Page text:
Our ears were first stirred up by Massachusetts duo Isolated Antagonist, through their offering to the excellent compilation album 27 Tons of Metal New England, which came out last year on Bluntface Records. Their song was undoubtedly a standout proposal in, to be fair, nothing but attention grabbing artists and offerings. Now the band unleashes their new album Affirmation of Entropy; a striking proposition showing that their track on the earlier release was just an impressive scratch on the surface of the band and their sound’s depth and imagination.

Isolated Antagonist is the creative union of vocalist/lyricist Glen Mitchell and multi-instrumentalist/vocalist Nate Exx Gradowski. Its seeds began with Mitchell in the blazing heat of Middle East deserts with his unit where at the urging of Gradowski, who began creating the musical landscape soon after back in the US, he began writing the background story to what would become the band’s debut album. Officially formed in 2014, Isolated Antagonist released their first EP, Engineered Audi Hallucinations the following year and also debut album, The Isolated and The Antagonist. Now pushed further in their new incitement on ears and imagination, the band’s sound is a provocative fusion of industrial metal and death metal with progressive/electronic suggestiveness; it further invigorated by the evocative entangling of raw and clean vocals.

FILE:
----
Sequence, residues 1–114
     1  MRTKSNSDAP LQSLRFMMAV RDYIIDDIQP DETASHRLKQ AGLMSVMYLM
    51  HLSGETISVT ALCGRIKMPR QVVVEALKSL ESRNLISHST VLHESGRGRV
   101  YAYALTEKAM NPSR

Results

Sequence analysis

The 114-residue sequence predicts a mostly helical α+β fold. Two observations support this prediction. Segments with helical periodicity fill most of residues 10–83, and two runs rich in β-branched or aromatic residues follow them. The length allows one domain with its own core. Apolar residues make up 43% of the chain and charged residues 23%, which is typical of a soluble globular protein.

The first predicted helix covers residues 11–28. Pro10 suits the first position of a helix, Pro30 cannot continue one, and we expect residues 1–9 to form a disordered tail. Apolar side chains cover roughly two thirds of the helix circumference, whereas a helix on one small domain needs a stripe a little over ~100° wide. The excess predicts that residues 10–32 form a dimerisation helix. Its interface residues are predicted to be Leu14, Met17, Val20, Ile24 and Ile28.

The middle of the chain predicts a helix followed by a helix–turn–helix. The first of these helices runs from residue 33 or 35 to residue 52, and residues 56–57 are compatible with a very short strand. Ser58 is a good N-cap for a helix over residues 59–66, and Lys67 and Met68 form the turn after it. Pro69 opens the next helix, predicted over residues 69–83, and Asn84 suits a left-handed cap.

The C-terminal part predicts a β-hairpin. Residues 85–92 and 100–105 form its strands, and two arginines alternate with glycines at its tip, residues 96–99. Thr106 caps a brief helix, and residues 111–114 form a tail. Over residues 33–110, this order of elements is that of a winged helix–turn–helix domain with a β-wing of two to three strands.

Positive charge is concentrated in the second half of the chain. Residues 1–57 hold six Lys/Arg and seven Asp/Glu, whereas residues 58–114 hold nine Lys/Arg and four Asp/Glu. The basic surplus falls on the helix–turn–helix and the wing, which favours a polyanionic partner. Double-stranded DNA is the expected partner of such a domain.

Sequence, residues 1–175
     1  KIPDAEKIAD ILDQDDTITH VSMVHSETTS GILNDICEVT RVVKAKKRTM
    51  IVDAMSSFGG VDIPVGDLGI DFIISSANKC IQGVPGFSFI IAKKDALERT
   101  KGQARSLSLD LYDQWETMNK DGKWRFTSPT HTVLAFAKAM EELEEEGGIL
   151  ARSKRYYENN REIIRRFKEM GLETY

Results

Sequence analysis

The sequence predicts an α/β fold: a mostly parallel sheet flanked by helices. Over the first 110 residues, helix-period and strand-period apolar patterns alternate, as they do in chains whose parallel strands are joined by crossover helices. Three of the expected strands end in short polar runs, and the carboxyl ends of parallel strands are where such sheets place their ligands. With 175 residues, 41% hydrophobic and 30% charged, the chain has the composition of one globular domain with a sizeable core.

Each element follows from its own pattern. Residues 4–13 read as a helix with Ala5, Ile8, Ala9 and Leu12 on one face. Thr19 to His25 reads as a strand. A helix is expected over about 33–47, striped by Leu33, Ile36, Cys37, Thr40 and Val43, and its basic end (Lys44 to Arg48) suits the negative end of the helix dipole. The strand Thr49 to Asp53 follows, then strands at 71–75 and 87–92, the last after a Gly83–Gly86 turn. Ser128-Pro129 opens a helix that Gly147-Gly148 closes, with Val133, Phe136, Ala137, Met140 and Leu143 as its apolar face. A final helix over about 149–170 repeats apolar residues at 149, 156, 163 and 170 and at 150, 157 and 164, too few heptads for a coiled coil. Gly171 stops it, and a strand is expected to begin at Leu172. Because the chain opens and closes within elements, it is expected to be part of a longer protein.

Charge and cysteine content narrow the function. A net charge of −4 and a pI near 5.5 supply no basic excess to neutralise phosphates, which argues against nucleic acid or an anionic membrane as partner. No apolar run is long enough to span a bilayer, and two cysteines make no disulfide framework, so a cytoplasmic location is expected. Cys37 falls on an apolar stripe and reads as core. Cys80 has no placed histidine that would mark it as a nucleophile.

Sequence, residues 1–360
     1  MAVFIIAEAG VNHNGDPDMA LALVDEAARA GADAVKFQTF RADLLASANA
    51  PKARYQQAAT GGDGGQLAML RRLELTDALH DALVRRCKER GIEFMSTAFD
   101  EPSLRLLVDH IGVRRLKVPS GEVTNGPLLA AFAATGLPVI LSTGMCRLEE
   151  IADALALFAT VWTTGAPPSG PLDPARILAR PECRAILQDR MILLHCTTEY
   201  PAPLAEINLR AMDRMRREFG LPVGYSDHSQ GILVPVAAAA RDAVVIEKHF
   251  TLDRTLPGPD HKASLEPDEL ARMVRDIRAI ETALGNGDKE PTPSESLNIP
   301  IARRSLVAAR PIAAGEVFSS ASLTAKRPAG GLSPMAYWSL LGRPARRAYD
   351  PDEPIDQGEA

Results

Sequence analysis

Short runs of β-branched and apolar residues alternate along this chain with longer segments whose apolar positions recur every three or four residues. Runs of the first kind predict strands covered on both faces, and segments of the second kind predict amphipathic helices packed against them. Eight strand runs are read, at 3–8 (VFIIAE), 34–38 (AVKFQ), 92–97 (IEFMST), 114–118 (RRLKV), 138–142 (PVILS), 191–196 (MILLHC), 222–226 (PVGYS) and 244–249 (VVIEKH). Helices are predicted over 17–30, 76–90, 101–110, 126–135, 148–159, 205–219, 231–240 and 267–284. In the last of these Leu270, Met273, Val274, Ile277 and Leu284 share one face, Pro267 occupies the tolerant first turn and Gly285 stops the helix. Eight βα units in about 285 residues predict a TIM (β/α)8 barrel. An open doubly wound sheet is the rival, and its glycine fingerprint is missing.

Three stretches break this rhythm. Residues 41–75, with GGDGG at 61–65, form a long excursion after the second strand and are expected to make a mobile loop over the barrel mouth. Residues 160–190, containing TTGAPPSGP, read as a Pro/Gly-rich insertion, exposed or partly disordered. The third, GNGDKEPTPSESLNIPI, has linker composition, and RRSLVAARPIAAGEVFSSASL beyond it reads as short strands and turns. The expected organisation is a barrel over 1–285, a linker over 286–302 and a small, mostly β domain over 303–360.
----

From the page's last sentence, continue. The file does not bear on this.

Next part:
Affirmation of Entropy continues the tale of the first album and its story concerning the last man on Earth, the lead up to that situation, and the battle for survival “on a planet that has turned against him so thoroughly that the dirt beneath his feet was even a danger.” A creative emprise from Mitchell’s own imagination rich Sci-Fi universe, it is further blossomed and broadened, as the band’s creativity and music, within the new encounter and fair to say that from the stunning artwork through to the clarity of note and emotion, the album grips ears and attention.

The scene is set with the muggy and intimidating ambience of Into the Dark. It casts the image of a hostile place with the lost ghosts of the past nagging from the background, yet it has a raw beauty bred in the sonic invention of Gradowski. A compelling and unsettling start, the instrumental piece seeps away for Void to engulf ears with its equally restraint yet portentous air. Swiftly though, it is a smothering trespass of sound around the potent growls of Mitchell but raw intensity that blossoms celestial keys and zealously prowling riffs and rhythms within its storm. Carrying a death metal like animus in sound and voice, the track menaces the senses but also opens up an oasis of shadowy elegance as clean vocals from Gradowski are cradled by charming melodies and ear warming keys. At times Numan-esque and in others Godflesh like, there is no escaping the dark majesty posing as a song working on body and psyche.